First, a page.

Saturday, July 13, 2013

Too Much Room

Lines can be hard to define. If you park outside your in-laws apartment, lock your car door and then try the handle to make sure it's secure, you're being prudent. Come back to check it again, you're being cautious. Do it once more, and you're veering towards obsessive. And if you do it again, and again, and again, you either have full blown OCD or you'd just want to find a way not to visit her family.

And so it is with many things.  Pack an extra tee shirt? Check your alarm clock? Pat your wallet in your pocket? In running order, that would be smart, responsible and careful. But do any of those three or four times, and your starting to cross from slightly paranoid to a medical condition known as "time to make an appointment with a therapist."

However, while each of these particular affectations can be written off as a tic, their manifestation is relatively invisible. You know you do it, maybe your significant other rolls their eyes at you, but the casual observer sees nothing. Not so with the condition known as hoarding. It can be focused, as in old copies of magazine or newspapers, or full blown everything and anything. It's a sliding scale that runs from "pack rat" through "can't throw things out" and on to "they're making a reality cable series about you."

Most of us never really hit that tipping point because it's there in front of our noses. Even if we try and ignore it, eventually the pile or bin starts to overflow and people start tripping over it. Then your boyfriend or wife or mother yells at you, and next thing you know you're in there with a bunch of plastic bags and order is restored. At least until the next time.

There is one area, however, where I would venture that the incidence rate of not throwing things away is much higher than the accepted estimate of 1% or so of the general population. And that concerns not our physically collected stuff, but the electronic versions: the emails, pictures, addresses, jokes, documents and other mementos of life today that we, well, hoard.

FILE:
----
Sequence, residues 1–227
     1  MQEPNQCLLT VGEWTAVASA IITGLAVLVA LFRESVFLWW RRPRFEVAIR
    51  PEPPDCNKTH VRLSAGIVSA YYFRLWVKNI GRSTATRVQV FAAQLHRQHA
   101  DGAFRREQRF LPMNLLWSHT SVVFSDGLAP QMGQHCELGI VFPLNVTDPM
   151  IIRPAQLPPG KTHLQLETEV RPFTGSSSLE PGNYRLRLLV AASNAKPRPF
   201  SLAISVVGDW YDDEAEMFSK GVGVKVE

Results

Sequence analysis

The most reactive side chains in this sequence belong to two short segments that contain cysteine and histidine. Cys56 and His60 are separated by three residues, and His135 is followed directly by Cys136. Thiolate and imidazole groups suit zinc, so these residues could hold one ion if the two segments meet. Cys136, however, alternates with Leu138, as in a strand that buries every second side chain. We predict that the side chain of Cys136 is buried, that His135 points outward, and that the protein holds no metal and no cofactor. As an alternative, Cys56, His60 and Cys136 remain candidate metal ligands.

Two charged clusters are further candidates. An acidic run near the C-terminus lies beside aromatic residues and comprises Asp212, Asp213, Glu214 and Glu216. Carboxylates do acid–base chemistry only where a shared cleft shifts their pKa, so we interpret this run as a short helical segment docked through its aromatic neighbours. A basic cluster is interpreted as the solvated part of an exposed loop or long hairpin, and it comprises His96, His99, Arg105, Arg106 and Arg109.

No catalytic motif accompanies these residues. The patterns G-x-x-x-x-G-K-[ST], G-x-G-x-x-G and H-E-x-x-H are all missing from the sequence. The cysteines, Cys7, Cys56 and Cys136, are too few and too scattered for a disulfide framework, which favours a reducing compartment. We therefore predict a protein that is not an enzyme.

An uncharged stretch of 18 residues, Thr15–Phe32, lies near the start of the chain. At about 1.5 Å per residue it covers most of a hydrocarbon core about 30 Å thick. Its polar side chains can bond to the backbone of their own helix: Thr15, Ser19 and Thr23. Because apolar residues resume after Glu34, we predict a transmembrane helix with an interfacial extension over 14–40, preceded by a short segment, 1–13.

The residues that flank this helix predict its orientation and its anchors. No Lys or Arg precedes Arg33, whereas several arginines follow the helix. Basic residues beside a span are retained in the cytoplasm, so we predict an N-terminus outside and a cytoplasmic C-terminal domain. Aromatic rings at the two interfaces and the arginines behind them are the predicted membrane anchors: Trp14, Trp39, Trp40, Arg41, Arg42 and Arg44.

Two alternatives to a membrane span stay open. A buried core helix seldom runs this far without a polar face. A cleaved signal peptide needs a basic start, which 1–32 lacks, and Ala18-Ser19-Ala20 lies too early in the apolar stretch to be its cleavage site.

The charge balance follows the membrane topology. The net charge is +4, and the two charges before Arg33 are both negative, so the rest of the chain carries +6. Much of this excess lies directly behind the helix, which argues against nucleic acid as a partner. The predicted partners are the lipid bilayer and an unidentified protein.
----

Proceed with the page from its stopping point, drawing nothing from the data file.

It's easy to keep because space today is so cheap and basically invisible. Back in the seventies, you might have had a pile of 8 inch floppy disks, each of which stored 1.2 megabytes of data. Today, that's at best half a dozen documents. Depending on the camera you're using, it might be a single picture. And let's not even talk music: that's barely enough for Pharrell and Daft Punk to "Get Lucky" once, let alone the 64 times it's repeated in the song.

Storage today is measured in amounts many times larger, with gigabytes being the starting point, or a thousand of those early floppy discs. Today, those ubiquitous little sticks people have on their keychains come in 4, 8, 16 gigs or more. Drives in iPads and computers routinely pack 100, 500 or even 1000 times that. And the cost? Dropping like a rock, so much so that the photo sharing site Flickr recently redesigned itself and offered to all who sign up a terabyte of storage, or a thousand gigabytes. The price to store cost about 600,000 typical pictures of whatever you want? Free.  

So in that environment, why throw anything away? Why not keep all those pictures of your vacation in Disneyland, including the 40 that are out of focus. Or those spreadsheets showing your son's little league teammates from 2 years ago whom you will never see again. Or those emails from that AOL account from which you finally graduated. After all, you never can tell when you'll want a picture of you snapped in a bar with a beer on your head.

And even if you should delete it, it's not really going away. When it opens later this year, the NSA's new Utah Data Center is supposed to capable of storing all that and more. While the exact numbers are classified, the word is that it will hold "yottabytes of data." That's a one followed by 24 zeros. So the odds of those pics of you in a flowered shirt and bellbottoms going away anytime soon? Let's just say future generations will be able to cringe like it's 1979 all over again.


Marc Wollin of Bedford tries to delete, delete, delete. His column appears regularly in The Record-Review, The Scarsdale Inquirer and online at, as well as via Facebook, LinkedIn and Twitter 

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